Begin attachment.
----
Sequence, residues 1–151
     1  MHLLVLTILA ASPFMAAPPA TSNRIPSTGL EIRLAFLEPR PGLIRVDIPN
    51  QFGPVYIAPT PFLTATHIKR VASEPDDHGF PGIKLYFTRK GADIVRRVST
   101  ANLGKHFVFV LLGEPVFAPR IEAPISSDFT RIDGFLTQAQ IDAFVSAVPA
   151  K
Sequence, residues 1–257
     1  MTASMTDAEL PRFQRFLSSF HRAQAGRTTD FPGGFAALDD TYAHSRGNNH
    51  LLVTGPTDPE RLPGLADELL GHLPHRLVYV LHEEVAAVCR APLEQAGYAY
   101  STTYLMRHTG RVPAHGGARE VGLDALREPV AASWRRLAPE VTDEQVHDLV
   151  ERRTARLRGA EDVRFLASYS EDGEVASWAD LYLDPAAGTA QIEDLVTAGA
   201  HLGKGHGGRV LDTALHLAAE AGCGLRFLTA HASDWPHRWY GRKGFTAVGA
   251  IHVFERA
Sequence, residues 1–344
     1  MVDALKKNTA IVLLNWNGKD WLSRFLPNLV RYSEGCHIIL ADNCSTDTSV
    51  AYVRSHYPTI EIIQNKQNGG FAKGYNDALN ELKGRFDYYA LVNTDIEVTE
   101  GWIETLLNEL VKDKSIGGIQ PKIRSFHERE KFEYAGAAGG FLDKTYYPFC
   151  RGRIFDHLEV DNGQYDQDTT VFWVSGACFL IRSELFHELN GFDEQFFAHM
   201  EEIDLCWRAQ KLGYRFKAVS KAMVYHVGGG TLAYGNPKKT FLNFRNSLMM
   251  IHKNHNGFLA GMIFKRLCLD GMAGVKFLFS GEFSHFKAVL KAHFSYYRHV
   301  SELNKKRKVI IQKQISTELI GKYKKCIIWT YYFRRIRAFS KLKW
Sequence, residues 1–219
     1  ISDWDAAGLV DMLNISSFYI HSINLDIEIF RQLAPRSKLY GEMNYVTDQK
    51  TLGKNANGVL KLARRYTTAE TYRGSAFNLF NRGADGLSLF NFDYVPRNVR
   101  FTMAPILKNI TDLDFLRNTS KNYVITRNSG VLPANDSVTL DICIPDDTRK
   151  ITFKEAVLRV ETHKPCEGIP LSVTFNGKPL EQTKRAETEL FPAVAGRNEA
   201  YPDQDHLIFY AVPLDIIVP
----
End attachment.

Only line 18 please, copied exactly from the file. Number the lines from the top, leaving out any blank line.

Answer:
   201  EEIDLCWRAQ KLGYRFKAVS KAMVYHVGGG TLAYGNPKKT FLNFRNSLMM